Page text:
Our research shows that ‘normalised deviance’ has always been present in the construction sector.

What is concerning is that, as happened with Carillion, construction companies currently lack an early warning system that could alert them to emerging signs of deviant corporate behaviour and malpractice. This means that the construction industry is still likely to be at risk of falling prey to ‘normalised deviance’ and its damaging consequences in future.’

Dr Sara Hajikazemi is senior lecturer in project management at LSBU’s Business School. She produced the research in collaboration with co-authors from the Norwegian University of Science and Technology and Nord University in Norway, and the University of Oulu and Tampere University in Finland.

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Comments

  1. Carillion and organisations like Carillion have lost their way in construction. The industry is now run by accountants not by people who know how to build buildings. If you run a site efficiently and you purchase wisely and know how to put things together safely and get the best out of your workforce and the directors of the Company are builders, the Company should pay it’s way and be able to survive with the correct advise from the accountants.
    This does not seem to happen nowadays.
    Steve Crow (ex project manager Ballast UK)

  2. misunderstanding and misuse of CVC’s (cost value comparisons) is often a problem

  3. To characterize Carillion’s downfall as the result of deviant corporate behavior is naive and misses the point. Late payments to subcontractors, aggressive accounting and dozy auditors are not unusual in construction, and stem from the suicidal risk/reward imbalance which the industry specializes in. Until this changes, and clients begin to pay the true cost of their projects, most large contractors would do as well visiting Ladbrokes.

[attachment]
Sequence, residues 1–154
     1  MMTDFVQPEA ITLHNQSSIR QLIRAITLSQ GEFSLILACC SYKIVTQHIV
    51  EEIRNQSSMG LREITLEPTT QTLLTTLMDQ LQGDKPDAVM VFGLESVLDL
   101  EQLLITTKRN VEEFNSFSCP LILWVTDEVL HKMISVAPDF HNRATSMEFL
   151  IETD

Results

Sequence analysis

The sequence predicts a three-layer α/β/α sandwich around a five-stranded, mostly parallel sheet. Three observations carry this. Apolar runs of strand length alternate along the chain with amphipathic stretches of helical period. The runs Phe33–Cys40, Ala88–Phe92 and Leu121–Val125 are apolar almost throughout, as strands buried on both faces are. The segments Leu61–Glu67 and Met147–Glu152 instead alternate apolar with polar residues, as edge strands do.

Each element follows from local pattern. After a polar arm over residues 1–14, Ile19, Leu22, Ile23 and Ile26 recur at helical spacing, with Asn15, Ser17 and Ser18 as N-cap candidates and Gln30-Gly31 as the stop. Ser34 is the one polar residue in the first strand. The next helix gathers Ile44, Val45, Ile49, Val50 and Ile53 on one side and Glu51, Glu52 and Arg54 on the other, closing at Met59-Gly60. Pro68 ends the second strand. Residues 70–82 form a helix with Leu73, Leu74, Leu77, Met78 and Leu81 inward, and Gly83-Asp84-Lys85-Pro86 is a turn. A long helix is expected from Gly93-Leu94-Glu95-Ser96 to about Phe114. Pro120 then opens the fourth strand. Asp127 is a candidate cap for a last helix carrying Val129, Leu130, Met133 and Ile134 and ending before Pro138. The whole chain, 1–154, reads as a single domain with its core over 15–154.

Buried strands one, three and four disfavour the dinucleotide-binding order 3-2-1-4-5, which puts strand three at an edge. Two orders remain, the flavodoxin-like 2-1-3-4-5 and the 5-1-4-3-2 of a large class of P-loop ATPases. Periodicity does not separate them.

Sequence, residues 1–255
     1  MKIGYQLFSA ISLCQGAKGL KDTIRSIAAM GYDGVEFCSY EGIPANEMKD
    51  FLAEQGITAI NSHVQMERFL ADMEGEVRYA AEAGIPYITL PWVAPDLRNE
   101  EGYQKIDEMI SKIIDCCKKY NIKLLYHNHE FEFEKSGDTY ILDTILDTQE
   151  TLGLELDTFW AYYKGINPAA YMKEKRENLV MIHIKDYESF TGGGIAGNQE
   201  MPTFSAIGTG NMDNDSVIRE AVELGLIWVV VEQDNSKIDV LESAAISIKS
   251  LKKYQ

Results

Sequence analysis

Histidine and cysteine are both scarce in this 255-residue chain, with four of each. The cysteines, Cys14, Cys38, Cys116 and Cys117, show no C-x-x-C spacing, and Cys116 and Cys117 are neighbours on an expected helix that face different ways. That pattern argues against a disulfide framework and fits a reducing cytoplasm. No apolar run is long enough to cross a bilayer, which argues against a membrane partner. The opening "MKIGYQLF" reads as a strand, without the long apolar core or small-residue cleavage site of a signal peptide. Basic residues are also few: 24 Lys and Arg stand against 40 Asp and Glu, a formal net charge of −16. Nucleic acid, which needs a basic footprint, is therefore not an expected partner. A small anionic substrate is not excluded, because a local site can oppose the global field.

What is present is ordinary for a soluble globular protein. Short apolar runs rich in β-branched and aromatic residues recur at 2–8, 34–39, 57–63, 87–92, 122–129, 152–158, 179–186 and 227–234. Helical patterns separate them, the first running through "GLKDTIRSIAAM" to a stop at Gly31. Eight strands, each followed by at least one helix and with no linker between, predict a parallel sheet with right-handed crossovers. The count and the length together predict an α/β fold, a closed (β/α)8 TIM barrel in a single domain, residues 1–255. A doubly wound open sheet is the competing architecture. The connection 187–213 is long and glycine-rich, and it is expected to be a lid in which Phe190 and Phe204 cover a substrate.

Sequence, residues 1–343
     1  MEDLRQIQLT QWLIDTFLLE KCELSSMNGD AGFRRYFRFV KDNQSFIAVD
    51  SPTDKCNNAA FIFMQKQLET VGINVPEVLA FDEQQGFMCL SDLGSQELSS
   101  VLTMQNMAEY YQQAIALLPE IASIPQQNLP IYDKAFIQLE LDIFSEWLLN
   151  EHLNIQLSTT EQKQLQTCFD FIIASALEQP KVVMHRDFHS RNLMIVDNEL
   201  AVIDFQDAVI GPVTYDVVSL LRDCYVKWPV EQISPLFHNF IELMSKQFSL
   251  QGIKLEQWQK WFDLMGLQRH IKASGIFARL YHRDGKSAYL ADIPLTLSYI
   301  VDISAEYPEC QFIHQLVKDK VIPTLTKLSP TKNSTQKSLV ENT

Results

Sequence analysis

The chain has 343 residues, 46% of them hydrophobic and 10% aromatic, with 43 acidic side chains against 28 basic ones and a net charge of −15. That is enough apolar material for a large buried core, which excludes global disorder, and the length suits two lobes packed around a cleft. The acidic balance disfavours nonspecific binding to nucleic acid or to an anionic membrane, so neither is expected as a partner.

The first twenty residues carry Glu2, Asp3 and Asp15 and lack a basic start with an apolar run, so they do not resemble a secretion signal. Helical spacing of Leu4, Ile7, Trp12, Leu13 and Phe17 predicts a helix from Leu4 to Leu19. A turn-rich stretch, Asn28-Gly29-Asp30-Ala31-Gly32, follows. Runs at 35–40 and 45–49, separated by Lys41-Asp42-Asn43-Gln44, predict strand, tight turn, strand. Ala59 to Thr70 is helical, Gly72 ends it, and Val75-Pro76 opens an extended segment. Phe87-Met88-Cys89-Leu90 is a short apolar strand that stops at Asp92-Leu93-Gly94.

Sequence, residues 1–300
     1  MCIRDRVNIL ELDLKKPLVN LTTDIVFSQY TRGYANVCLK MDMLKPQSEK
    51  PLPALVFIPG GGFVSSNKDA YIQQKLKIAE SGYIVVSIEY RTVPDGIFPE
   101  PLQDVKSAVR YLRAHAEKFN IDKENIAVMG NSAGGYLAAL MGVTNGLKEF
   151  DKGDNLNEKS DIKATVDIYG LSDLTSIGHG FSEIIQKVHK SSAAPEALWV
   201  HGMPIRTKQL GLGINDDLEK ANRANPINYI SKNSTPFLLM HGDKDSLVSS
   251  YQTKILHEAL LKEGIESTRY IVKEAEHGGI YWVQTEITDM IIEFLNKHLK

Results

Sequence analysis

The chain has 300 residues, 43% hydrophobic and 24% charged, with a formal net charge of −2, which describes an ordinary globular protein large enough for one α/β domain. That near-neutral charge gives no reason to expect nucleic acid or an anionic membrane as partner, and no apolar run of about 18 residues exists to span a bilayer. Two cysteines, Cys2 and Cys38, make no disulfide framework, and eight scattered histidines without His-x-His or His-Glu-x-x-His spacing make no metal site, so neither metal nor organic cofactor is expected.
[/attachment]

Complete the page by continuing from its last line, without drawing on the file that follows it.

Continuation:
4. Carillion was built for many years on a “knife edge ” and cash was the imperative more than profit . Surely an early warning system for management was of no use as they appear to have known exactly what was going on ? The accountants running construction companies has to stop but how did such a great company have such a lot of “construction issues ” as well at it’s demise ? Was the cost cutting endemic throughout the business ?

  5. Sadly the comment on running a job correctly no longer applies to the majority of major contractors. Its to do with the margins available to them on the frameworks that they are on, some are good some are bad but you need a balance to keep it going. In the case of Carillion this balance failed and the majority of their pots ended up as poor payers, which compounded with losses on projects pushed them over the edge. What needs to be remembered is that this did not happen over night, these frameworks were renewed two or three times with ever tightening margins, making them unviable. These were of course government frameworks, so whilst there may have been wrongdoing at Carillion its not a one sided story and a long hard look needs to be taken at their ability to be profitable

  6. I agree fully with Steve Crow. He put it right 100% of what is going on. This is not UK only, but it is widely used in many countries globally.